ZZT1 (YW721) Armoured Radio Relay Vehicle
The ZZT1 (also known as YW721 in its development codename) radio relay vehicle was developed from the Type 63 (YW531) armoured personnel carrier (APC). The vehicle has been equipped by the headquarters of armoured divisions, brigades and regiments to provide long-distance radio communication relays between different units. Development of the vehicle began in 1983 and the vehicle was certified for design finalisation in 1987. The ZZT1 replaced the truck-based radio relay vehicles previously used by the armoured troops.
The ZZT1 is similar to the Type 81 (YW701) armoured command vehicle in appearance and general performance. The vehicle is based on the Type 63 APC design, with a box-shape hull made of welded steel. The air-cooled engine and transmission mechanism are located at the right front of the hull, isolated from the rest of the vehicle with noise/vibration-proof walls.
The vehicle has a crew of six: commander, driver, deputy driver, signals officer, and two radio operators. The driver sits at the left front with the vehicle commander sitting directly behind him. The deputy driver is seated on the right in front of the engine. The driver’s hatch mounts three periscopes and opens to the left, while the commander’s hatch open to the front. The signals officer and two radio operators are accommodated inside the passenger compartment at back. If necessary, the vehicle can carry an additional two soldiers for security and operating the generator roles.
The roof of the vehicle’s passenger compartment has been raised to provide additional space inside. A radio antenna complex is mounted on the compartment roof. There are four windows on the front of the passenger compartment, and two on the other three sides of the compartment. Passengers enter and exit the vehicle via a single large door on the rear side of the passenger compartment.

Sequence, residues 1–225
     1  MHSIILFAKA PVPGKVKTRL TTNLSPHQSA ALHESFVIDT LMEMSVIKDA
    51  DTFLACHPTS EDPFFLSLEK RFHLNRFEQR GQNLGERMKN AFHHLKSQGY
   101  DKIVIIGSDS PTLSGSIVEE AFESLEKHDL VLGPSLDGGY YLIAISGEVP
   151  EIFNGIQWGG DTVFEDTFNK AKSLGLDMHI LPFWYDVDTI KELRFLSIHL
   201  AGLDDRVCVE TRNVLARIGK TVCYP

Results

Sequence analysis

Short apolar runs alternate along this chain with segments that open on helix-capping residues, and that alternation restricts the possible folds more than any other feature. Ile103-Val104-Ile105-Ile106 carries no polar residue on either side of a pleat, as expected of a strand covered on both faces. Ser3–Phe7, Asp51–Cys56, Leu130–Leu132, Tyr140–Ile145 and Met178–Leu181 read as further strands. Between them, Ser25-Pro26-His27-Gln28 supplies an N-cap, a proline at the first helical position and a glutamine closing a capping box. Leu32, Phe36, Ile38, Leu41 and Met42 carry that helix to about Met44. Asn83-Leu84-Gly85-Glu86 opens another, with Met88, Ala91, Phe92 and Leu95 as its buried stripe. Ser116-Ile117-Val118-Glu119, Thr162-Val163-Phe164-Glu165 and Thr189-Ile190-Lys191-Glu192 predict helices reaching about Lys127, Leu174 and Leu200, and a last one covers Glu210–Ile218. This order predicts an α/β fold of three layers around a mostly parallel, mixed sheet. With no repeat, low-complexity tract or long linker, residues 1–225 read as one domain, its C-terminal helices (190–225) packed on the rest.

The vehicle uses metallic tracks with rubber pads. There are four large road wheels, a front drive sprocket, and a rear track roller on each side. The vehicle can propel through water by its tracks, giving it limited amphibious capability for river-crossing operations. In some amphibious units, the vehicle was seen added with further swimming and float aids for maritime amphibious assault operations.
The vehicle is equipped with four radios: a 200W HF long-distance radio, a CWT-167B VHF vehicle radio, a BWT-133 VHF manpack radio, and a 714B VHF manpack radio.
The 200W radio is a long-distance HF radio using single-sideband modulation (SSB) transmitter. The radio can provide multi-channel communications over a distance of several hundred kilometres, enabling the armoured unit commander to maintain communications with his superiors and subordinate units on the battlefield.
The CWT-167B VHF vehicle radio, operated by the vehicle commander, provides communications with the unit commander’s vehicle nearby.
The two manpack VHF radios allow radio operators to maintain communications with the vehicle commander while they dismount the vehicle.
The vehicle does not have a roof-mounted antiaircraft machine gun, but can carry a 7.62mm light machine gun (with 1,000 rounds) and two assault rifles inside the vehicle.
Last update: 23 March 2009